We’re selective about the FR clothing that we carry and that’s why we carry the best brands: DRIFIRE, Carhartt FR, Ariat FR and more. These trusted manufacturers build their garments from fabrics that maintain their flame resistant properties throughout the useful wear life of a garment when properly cared for. Does your shirt have holes? Do your jeans have rips? It may be fashionable but those FR jeans are no longer living a useful flame resistant wear life. In addition to keeping your clothes free of wear and tear, proper care of your FR clothing includes proper laundering. There are some key basics of laundering and we’ve put together the top tips and a few interesting tidbits to know.
Read the Label
First and foremost, read the label in the garment. There are tried and true things that apply to all FRC, but there are a few nuances with certain fabrics – think denim in jeans, fleece sweatshirts, knit shirts versus work shirts, etc. The most accurate care information will be found on the label in your FR clothing.
An interesting note on those labels: some manufacturers use flame resistant labels in their FR garments. There is no requirement to do so, but this attention to detail is to leave no stone unturned in your protection in the event of an arc flash or flash fire event.
Beware the Bleach
Avoid the use of bleach on FR clothing. The same properties in bleach that break down stains can potentially impact the FR properties. A 2017 study on the impact of bleach and fabric softener on flame resistant fabrics by ArcWear, a firm of leading experts in arc flash testing services, certification and investigations, showed that things as simple as the type of water and number of washes could increase the impact of bleach on a garment:
Hard water could make the results worse but with soft water, the chlorine bleach reacted and disabled the FR treatment between 50 and 100 washes.1
Regardless of your water, avoid bleach when laundering your FRC.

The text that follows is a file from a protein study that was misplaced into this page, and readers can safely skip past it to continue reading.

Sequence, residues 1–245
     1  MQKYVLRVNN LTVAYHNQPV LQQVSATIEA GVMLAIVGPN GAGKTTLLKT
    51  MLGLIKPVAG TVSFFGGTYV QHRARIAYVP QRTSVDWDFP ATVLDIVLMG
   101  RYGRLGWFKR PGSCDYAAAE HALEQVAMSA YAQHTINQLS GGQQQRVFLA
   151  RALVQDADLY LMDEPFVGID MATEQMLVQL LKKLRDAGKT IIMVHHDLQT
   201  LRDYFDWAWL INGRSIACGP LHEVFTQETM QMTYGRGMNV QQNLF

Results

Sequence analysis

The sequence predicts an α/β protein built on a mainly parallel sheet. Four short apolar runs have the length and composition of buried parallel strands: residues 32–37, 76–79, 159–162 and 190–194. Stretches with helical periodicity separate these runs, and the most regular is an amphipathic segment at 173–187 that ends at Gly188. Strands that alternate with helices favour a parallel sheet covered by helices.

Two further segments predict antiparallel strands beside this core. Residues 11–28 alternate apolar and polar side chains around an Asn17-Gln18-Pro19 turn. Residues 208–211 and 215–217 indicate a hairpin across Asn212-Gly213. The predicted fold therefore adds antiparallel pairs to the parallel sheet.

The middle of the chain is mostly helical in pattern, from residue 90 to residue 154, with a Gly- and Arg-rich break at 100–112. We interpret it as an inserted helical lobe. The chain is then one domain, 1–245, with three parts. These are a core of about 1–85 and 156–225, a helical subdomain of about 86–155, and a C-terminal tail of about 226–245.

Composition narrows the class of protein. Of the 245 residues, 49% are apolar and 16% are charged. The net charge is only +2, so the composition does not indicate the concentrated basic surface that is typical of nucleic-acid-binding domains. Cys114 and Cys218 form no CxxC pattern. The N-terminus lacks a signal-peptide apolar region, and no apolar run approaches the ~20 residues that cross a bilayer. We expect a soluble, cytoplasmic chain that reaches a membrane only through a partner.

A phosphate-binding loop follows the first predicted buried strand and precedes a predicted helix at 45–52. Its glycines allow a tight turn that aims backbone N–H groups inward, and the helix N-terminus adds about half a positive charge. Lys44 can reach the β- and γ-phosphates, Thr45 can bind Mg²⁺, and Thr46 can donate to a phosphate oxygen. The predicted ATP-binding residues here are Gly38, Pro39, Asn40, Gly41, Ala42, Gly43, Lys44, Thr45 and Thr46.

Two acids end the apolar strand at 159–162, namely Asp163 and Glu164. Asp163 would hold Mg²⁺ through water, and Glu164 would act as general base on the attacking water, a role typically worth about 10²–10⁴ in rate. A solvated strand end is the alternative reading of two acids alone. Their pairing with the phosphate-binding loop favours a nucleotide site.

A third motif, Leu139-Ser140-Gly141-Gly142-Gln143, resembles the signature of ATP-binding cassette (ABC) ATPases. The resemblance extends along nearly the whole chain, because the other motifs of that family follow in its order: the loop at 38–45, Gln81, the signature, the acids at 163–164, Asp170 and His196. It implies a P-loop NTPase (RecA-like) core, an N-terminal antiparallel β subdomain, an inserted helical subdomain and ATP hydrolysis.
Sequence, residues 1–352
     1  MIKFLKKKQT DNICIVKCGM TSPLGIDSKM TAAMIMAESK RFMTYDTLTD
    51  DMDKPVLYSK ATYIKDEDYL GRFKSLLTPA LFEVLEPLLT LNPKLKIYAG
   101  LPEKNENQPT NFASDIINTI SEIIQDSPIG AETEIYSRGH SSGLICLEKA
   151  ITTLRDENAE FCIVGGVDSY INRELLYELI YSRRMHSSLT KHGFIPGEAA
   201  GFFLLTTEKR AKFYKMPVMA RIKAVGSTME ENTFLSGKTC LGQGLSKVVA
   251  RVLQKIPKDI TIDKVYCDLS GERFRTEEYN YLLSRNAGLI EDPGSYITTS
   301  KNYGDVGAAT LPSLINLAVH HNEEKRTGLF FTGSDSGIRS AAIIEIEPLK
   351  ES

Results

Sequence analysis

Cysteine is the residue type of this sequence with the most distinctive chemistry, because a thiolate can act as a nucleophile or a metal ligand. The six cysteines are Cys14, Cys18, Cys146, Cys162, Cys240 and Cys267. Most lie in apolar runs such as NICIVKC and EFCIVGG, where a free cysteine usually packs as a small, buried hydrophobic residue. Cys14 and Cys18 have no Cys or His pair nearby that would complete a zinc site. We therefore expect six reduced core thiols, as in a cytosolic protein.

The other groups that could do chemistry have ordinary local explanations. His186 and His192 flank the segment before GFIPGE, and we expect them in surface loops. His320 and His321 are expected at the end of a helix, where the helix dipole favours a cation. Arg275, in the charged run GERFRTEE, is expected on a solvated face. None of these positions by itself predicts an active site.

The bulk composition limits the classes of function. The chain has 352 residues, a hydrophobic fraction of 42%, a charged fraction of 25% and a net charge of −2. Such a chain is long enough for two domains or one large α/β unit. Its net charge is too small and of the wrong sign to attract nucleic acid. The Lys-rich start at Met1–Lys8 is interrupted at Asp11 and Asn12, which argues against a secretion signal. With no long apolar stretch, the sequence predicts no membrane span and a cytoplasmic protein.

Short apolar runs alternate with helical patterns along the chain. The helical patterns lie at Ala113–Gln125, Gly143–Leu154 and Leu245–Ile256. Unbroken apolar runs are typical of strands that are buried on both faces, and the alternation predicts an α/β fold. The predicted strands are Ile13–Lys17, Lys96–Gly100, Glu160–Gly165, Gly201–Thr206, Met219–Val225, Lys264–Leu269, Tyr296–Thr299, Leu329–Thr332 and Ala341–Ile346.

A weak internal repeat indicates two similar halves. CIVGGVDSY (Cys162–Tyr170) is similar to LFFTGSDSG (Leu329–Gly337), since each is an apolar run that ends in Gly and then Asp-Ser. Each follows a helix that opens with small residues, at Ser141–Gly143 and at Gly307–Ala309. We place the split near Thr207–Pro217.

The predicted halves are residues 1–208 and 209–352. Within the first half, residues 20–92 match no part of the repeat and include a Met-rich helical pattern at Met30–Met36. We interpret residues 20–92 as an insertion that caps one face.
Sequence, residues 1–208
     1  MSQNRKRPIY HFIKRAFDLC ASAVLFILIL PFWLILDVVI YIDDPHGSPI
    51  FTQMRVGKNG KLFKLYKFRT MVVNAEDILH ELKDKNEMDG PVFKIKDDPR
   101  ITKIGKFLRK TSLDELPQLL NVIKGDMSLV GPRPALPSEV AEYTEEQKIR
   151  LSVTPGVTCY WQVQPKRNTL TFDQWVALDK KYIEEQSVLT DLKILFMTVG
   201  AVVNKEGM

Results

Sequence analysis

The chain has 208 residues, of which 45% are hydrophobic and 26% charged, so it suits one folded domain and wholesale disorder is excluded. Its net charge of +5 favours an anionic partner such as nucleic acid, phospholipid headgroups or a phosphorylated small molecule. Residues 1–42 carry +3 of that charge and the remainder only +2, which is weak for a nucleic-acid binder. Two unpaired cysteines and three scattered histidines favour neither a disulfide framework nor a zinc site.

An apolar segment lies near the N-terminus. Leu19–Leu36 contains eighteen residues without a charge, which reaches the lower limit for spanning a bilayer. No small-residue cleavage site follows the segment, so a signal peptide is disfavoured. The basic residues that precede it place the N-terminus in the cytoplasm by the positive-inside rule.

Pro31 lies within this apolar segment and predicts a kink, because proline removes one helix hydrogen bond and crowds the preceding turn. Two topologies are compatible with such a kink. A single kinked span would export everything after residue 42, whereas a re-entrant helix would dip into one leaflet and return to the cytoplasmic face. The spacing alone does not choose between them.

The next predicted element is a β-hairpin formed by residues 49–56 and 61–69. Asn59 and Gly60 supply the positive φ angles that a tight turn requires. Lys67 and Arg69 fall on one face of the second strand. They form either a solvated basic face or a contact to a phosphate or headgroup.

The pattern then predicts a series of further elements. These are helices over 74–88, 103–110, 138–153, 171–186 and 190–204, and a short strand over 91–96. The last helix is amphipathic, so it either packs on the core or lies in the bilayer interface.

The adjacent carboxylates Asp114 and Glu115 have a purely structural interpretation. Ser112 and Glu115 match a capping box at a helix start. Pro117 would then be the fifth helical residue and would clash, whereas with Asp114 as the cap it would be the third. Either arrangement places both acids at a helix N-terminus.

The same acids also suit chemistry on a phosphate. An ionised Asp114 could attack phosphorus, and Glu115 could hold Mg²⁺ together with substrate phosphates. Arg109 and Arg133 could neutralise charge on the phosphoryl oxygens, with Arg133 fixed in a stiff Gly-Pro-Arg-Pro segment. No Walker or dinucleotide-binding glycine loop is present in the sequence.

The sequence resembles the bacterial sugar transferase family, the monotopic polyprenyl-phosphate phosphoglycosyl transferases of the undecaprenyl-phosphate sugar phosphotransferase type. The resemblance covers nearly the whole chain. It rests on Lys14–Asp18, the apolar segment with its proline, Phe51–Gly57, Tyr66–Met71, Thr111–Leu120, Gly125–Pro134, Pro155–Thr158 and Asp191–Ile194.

Skip the Starch and Fabric Softener
Crisp starched jeans are a wardrobe staple for some for appearance, and others appreciate the way the dirt slides off because of the starch – often resulting in the need to wash jeans less. Alternatively, others are looking to soften their fabrics for a more pliable garment. Regardless of starch or softener, skip them both. Both additives have the potential to leave residue that could decrease flame resistance.
Something to note – especially on button front shirts: some fabrics might feel stiff when you first get your new shirt. It’s always recommended that you wash your FRC before wearing, and you’ll like the results of doing so. Not only will your shirt be clean, but some shirt fabrics which will soften up significantly in the first few washes. The fabric in the TECGEN lightweight FR work shirt continues to soften through the first several washes and you’ll find the same in others.
Another side note: in addition to ensuring the continued AR/FR protection in your FRC, proper laundering can increase the moisture wicking performance of your clothes. Measured by a test that looks at how quickly a fabric wicks one inch after 25 washings, a washed fabric’s performance can increase significantly from unwashed to the 25th wash. Improved moisture wicking means you are dryer and more comfortable.
Random acts of Dry Cleaning
Dry cleaning varies by garment. While avoiding bleach, fabric softener and starch in FR clothing are consistent across most FRC, some garments may be able to be dry cleaned. The key here is to read the label. Because different manufacturers use different fabrics, and of course, a winter coat will use a different fabric than a knit shirt, dry cleaning may be an option for some items.
If we’ve said it once, we’ll say it again: the manufacturer’s instructions on the label are the most important directions to follow when laundering your FR clothing. Avoid additives like starch, bleach and fabric softener as a general practice. In addition to proper laundering, be sure to stop wearing your FRC should it have rips or tears.
If you want to dive deeper on the technical side, here are some interesting studies:
Cited, 1: Do Bleach and Fabric Softener Really Harm FR and AR fabrics? https://www.arcwear.com/blog/do-bleach-and-fabric-softener-really-harm-fr-and-ar-fabrics/
Burning Softly: A Study of the Effectiveness of Fabric Softener on the Flame Resistant of Clothes https://aaas.confex.com/aaas/2015/webprogram/Paper15691.html
While this particular test data is on the military side and not the work wear side, see test data that supports moisture wicking performance improvements with an increased number of washes: https://www.drifire.com/fortrexv2